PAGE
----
Monday, September 29, 2014

How the 'Gilmore Girls' Saved Me From Depression.

Images from "Gilmore Girls" Season 5, episode 7, "You Jump, I Jump, Jack."

There was a point in my life when getting out of bed seemed impossible. Besides the crippling nausea that comes with 1st trimester morning sickness, I began to feel the loss of my mother who passed away a few months earlier.

It was a strange and beautiful time. I was a newlywed. Married life was just as wonderful and tumultuous as people said it would be. I was a first time mom, a growing baby and pregnancy hormones were a package deal.

My husband was in graduate school and I worked the late shift as a newspaper copy editor. Driving home around midnight, I often felt the need to comfort my stress with the consumption of (fill in the blank) ______________ a) Wendy's Chocolate Frosty b) Nachos Bell Grande from Taco Bell or c) Cheetos. I once had a dream that I gave birth to a bright-orange baby, with skin coated with powdery cheese. I cut back on Cheetos after that.

With my late night schedule and pregnancy weariness, I woke up for breakfast around the time most people sat down to lunch. One sleepy morning, I vaguely remembered my husband's goodbye kiss. Wide awake, I did nothing but stare at the soft green walls of my bedroom.

Depression wrapped around me like a blanket. Its thick, darks layer covered up any light. Hours crept by. Then, I had a thought: 'Gilmore Girls' will be on soon.


I blinked. I liked that Rory Gilmore, budding journalist.

The daily syndicated reruns came on at noon, right around the time I was having my first meal of the day. With my morning meal of ice cream or leftover Chinese, I found myself being drawn into the magical world of Stars Hollow.

Slowly, I sat up. One foot in front of the other, I shuffled past the confines of my room. Watched my show. Ate my meal. Went to work. The next day, same thing happened.

Wake up to bleakness. 
Remembered the "Gilmore Girls."
Get out of bed.

Over the coming months, my heart -- along with my expanding belly -- started to fill. I cried when Rory dedicated her high school graduation speech to her mother, Lorelai. When Lane and David kissed for the first time to the background track of David Bowie, my numbness melted.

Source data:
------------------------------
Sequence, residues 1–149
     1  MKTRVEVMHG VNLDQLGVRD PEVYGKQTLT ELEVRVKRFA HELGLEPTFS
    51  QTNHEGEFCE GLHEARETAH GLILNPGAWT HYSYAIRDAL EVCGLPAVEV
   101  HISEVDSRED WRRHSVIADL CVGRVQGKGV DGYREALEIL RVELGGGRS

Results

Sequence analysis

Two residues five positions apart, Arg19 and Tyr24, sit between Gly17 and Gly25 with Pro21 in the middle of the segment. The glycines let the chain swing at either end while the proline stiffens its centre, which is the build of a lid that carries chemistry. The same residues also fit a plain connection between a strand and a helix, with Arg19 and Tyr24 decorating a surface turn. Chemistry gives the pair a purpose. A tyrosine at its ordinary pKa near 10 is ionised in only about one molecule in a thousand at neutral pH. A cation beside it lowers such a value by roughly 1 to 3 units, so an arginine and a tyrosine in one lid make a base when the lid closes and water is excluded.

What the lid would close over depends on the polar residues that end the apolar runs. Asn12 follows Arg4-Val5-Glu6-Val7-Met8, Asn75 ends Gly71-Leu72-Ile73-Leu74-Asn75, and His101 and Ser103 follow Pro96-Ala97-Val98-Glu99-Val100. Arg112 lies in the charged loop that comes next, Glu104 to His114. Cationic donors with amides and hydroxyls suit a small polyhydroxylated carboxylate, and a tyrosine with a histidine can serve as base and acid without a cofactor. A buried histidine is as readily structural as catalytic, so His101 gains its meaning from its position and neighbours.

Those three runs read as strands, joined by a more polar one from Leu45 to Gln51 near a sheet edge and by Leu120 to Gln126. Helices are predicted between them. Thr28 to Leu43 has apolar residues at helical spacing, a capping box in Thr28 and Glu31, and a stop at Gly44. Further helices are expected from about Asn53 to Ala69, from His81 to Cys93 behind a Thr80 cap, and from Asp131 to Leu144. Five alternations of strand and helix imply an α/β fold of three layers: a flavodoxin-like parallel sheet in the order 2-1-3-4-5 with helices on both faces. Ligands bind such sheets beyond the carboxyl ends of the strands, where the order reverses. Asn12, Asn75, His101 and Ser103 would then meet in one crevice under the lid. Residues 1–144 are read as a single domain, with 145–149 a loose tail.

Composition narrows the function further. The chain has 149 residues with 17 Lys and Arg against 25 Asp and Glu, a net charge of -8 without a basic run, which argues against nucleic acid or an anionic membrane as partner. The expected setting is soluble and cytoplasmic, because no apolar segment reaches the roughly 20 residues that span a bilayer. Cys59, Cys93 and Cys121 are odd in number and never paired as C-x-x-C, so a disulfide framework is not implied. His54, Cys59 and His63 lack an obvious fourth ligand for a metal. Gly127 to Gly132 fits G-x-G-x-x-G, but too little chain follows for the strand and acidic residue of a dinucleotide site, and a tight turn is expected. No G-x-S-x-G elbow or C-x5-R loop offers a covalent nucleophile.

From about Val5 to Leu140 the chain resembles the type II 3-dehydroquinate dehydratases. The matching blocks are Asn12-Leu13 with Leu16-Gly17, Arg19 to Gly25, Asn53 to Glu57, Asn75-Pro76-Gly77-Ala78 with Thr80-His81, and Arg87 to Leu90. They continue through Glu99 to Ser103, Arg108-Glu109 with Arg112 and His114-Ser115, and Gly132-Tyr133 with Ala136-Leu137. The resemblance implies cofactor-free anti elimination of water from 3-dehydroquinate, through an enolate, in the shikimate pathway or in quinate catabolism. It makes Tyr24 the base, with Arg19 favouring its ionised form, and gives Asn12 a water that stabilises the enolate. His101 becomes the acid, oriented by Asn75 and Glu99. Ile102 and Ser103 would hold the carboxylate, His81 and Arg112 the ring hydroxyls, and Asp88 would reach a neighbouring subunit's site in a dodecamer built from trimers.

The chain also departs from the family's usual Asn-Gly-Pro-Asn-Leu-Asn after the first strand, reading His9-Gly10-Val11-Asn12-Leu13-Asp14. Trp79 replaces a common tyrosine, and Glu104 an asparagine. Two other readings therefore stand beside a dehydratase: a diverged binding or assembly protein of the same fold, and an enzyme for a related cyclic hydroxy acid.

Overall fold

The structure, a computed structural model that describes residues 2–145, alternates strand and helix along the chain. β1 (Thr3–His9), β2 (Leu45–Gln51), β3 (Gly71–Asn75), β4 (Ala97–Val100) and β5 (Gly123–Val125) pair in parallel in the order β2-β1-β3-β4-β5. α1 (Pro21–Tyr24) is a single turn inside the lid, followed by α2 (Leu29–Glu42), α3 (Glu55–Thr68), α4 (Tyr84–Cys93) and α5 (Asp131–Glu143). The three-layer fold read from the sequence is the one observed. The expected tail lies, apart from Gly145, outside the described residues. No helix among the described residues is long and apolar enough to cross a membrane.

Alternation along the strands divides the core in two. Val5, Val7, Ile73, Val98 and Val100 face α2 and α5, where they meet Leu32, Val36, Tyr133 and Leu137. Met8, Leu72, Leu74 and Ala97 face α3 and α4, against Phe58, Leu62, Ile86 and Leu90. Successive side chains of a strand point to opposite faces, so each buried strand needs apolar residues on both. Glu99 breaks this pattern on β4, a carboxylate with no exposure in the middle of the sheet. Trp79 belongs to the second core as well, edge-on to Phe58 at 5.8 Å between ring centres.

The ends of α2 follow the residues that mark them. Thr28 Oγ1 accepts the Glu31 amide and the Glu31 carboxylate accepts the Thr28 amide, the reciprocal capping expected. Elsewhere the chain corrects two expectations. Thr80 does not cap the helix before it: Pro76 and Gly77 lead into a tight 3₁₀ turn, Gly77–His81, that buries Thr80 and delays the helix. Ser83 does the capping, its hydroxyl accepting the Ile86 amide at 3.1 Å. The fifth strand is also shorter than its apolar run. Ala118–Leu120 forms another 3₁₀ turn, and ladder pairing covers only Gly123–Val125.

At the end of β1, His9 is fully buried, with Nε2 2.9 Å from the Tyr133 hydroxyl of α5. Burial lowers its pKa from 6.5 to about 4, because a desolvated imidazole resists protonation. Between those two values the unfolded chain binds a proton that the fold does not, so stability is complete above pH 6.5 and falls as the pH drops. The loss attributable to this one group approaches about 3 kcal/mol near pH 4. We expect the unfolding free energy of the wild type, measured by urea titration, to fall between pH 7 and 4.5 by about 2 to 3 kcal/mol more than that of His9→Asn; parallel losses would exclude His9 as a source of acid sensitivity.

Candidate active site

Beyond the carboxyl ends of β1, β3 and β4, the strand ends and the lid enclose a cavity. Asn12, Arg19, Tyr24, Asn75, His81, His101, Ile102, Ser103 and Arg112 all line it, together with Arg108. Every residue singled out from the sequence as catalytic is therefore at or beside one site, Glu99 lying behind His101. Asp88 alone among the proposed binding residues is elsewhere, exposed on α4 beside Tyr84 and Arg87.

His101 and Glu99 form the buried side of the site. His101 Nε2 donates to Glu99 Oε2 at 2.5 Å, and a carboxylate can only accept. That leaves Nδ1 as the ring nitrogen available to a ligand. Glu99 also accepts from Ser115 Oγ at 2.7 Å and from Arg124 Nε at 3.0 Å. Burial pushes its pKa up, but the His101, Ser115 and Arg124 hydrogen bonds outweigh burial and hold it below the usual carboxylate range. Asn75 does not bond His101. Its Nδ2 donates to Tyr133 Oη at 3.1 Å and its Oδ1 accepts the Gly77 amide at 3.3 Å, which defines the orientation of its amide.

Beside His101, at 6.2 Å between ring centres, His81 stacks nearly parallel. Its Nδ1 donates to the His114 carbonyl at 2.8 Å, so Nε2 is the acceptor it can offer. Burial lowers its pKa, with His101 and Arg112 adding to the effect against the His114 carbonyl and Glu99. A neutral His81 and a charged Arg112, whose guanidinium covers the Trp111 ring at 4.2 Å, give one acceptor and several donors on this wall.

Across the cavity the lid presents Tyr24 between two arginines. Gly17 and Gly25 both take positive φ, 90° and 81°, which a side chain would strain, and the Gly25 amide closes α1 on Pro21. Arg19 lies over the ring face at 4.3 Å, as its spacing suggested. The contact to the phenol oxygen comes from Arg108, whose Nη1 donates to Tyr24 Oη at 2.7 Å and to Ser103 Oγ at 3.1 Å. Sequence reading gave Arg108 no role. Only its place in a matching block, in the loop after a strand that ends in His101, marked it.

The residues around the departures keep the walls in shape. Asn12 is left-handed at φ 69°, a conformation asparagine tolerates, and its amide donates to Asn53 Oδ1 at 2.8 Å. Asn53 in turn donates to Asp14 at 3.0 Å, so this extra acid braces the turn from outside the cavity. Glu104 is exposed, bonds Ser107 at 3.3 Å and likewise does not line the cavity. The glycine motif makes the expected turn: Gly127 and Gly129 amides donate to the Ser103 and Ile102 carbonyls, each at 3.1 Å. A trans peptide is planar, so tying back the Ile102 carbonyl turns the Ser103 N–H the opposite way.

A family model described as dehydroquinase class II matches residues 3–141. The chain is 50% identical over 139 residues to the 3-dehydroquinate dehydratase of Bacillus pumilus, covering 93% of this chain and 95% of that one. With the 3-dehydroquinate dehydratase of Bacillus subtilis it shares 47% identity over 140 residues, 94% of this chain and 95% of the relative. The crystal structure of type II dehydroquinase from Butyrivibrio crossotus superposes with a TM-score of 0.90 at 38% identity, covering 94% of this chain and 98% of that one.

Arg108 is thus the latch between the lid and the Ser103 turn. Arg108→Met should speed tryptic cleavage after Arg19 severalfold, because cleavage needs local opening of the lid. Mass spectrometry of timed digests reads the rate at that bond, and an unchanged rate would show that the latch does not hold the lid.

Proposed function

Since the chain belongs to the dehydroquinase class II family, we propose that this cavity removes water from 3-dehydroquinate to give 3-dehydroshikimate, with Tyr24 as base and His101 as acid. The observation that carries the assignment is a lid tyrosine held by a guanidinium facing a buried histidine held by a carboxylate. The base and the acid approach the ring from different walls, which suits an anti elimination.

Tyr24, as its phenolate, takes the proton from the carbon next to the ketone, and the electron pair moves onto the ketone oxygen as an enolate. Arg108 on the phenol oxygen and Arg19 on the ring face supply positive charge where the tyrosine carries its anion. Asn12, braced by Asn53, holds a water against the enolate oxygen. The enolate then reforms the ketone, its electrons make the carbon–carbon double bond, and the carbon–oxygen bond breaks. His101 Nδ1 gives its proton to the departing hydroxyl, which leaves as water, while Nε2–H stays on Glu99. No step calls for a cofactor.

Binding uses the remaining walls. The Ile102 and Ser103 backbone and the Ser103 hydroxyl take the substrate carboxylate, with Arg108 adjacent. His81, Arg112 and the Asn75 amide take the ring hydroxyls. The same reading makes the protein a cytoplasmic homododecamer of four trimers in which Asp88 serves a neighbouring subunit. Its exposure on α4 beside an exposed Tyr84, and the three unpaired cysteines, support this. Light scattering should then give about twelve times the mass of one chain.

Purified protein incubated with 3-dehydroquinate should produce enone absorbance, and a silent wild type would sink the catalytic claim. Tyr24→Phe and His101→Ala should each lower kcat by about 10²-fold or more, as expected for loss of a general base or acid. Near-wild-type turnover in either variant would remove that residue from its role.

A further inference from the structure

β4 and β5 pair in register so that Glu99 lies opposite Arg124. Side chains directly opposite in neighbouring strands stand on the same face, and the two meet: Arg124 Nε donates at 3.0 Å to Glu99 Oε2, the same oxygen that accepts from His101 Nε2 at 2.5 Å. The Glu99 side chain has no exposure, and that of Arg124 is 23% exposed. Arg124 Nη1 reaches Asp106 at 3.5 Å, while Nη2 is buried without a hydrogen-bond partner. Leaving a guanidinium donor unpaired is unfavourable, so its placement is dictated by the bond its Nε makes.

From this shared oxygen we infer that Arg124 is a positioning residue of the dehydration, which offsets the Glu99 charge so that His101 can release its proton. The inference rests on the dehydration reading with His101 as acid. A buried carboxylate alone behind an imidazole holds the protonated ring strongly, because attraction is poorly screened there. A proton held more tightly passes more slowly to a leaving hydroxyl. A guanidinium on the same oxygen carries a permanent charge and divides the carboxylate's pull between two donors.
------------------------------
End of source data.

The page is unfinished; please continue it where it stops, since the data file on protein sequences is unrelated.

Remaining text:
My obsession for this comedy/drama became so intact that not only did it get me out of bed everyday, but I looked forward to it while in labor. With no real comprehension of what my next few hours would be like, I got excited when I saw a TV in the delivery room.

Clutching my husband's hand, I gasped. "It's Tuesday night, 'Gilmore Girls' is on at seven!"

I missed the show that night (turns out, having a baby is hard work), but my husband gifted me with a few seasons of "Gilmore Girls" on DVD. I watched my show. Nursed my baby. Recovered from childbirth. The next day, the same thing happened.

Feed my daughter.
"Gilmore Girls" time.
Get out of bed.

Now a days, my alarm clock goes off much earlier. I no longer work at night, although teething babies and sick kids still keep me up.  My children fill me to completion. When I think of my mother, I see her in them.

This Wednesday, October 1st, all seven seasons of the "Gilmore Girls" will be available on Netflix.  I'm among the many, buzzing with excitement and counting down the day when I will be reunited with the show once again. For me, this day will be a celebration. A chance to give thanks to television show that, once upon a time, gave me something to wake up for.

2 comments:

  1. I love this and I love you, Veeda Bybee. How did I miss this series!? But I gots me some Netflix so I'll have to get on top of that ASAP!

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  2. I love this. I'm glad you had the Gilmores:)

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